Your private life just got a little less private.

A Kansas judge has made a ruling that could set a rather disturbing precedent.

They say, of course, that these days you have to be very careful
about what you post online, because it might hurt your image and career.
Well, you might have to be even more careful as the ever-thinning
dividing lines between our private, public and professional lives just
got a little thinner.

It starts out well enough. According to Forbes Woman,
the judge decided that nursing student Doyle Byrnes shouldn’t have been
kicked out of her program for a controversial photo of herself posted
on Facebook.

Byrnes was expelled from her nursing program for the Facebook photo.
She took it to court. The Kansas City Star reported that, according to
the complaint, a student asked College nursing instructor Amber Delphia
for permission to take the photos and told her they were going to post
the pictures on Facebook, which they did. Judge Eric Melgren overturned
Byrnes’ dismissal.

Now Forbes Woman reports that the actual written opinion in the case
has come out, and that’s the part that’s worrisome. Melgren wrote:

“[P]hotos are taken to be viewed. When [nursing student supervisor]
Delphia granted permission to take the photos, it was unreasonable to
assume that they would not be viewed. If the photos were objectionable,
to say nothing of objectionable to the point [of] warranting expulsion
from the nursing program, then it would not have mattered whether the
photos were viewed on Facebook or elsewhere. By giving the students
permission to take the photos, which Delphia admitted, it was reasonable
to anticipate that the photos would be shown to others.”

This, Forbes points out, seems to suggest that once you give
permission for a photo to be taken, you are also granting permission for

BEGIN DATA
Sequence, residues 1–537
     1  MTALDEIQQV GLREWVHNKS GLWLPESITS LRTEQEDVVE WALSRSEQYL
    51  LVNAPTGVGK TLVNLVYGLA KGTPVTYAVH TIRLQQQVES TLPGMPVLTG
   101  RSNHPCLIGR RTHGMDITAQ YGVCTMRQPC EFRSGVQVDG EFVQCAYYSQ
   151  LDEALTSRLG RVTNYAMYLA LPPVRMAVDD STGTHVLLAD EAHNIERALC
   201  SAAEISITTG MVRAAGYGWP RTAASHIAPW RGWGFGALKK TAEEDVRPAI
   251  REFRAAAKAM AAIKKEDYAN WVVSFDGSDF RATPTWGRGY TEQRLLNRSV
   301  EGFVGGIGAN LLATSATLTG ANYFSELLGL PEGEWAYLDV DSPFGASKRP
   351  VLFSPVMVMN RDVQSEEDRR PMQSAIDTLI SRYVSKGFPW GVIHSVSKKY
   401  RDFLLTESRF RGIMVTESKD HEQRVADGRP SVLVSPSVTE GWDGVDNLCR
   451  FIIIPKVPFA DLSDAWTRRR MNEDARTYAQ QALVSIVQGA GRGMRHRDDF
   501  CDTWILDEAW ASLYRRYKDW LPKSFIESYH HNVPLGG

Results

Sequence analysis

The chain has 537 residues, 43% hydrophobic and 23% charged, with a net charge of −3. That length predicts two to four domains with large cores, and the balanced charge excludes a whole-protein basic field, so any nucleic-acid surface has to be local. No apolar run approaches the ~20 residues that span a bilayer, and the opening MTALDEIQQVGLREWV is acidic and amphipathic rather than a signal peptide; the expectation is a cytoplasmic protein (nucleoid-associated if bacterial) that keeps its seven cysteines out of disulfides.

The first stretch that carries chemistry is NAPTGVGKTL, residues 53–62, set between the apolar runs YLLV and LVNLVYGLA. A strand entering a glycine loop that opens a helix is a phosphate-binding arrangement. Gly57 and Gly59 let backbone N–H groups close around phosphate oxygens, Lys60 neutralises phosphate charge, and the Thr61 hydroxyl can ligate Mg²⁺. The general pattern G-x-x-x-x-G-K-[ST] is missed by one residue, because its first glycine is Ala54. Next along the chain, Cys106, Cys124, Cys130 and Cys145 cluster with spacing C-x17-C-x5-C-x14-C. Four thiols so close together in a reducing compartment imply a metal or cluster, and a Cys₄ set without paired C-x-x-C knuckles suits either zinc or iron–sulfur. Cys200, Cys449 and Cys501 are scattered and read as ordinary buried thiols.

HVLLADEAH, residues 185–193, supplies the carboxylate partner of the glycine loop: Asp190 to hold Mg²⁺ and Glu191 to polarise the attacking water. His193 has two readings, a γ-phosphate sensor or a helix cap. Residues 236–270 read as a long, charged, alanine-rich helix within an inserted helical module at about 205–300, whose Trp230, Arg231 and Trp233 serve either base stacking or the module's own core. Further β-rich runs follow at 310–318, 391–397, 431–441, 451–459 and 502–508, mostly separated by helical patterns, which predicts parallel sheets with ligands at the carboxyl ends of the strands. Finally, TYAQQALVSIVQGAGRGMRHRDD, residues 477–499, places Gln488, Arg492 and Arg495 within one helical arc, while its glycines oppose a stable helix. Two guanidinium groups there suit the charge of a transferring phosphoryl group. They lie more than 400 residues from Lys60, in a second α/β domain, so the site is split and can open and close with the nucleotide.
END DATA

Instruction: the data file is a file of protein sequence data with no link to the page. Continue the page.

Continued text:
its distribution. And anyone who has ever gotten a little frisky with a
camera – still or video – knows exactly where I’m going with this…

Forbes points out that, “In 2009, Piper Peterson sued her
ex-boyfriend for emailing sex photos of her to her friends and family
and was awarded $55,000 by a jury. If the [same] photo logic had been
applied in that case, there would have been no payday resulting from
that digitally-transmitted sex photo debacle…”

Even if the logic is being used to rightfully protect someone – in this case Byrnes – it’s faulty logic.

Law professor Eric Goldman, who posted the ruling to his blog writes:

“Many photos are never published to the public. For example, the
students could have taken the photos for archival purposes or for
further self-study. So I’d like to think the court wasn’t saying that
consent to photo-taking automatically means consent to widespread
publication of that photo.”

I’d like to think that too. But you still might want to be start
thinking twice every time you allow a picture to be taken. You might not
think this can affect you. But here are a few examples of people who
lost gigs over pictures:

In 2009, Georgia high school teacher Ashley Payne claimed she was
forced to resign after her school principal “questioned her about her
Facebook page, which included photos of her holding wine and beer and an
expletive,” according to CBSAtlanta. HOLDING BEER AND WINE. ON
VACATION. She is not, as far as I can tell, part of a non-drinking sect
or anything like that.

Austin, Texas, high school art teacher Tamara Hoover made the news in
2006, when she was asked/forced to resign after she posted nude art
photos on her Flickr page. According to CNN, Hoover made no apologies.
She said, “I’m an artist and I’m going to participate in the arts. If
that’s not something they want me to do then I want to be told that. I
don’t feel as if I was doing anything that was beyond expectations.”

In 2008, Arlington, Oregon Mayor, Carmen Kontur-Gronquist was stripped of her office
after a picture appeared online of Kontur-Gronquist in her underwear.
The pic was taken for a fitness competition she never entered and later
posted on MySpace by a relative hoping to help the single mom’s social
life. “Do I apologize for the photos on MySpace?” she said at the time,
“No, I don’t.” Instead, she started selling it as a poster. PWND!

In 2009, Vancouver NDP candidate Ray Lam stepped down after pics posted on Facebook got him in trouble.
One of the photos, taken at Pride, showed Lam, who is openly gay,
holding a woman’s breast. In the other, his pants are down and two
people are pulling at his underwear. A celebration of Gay Pride, or an
“inappropriate” lack of judgement? It’s often in the eye of the
beholder, and you never know who is looking at your pics.

Get some tips on how to protect your privacy on Facebook.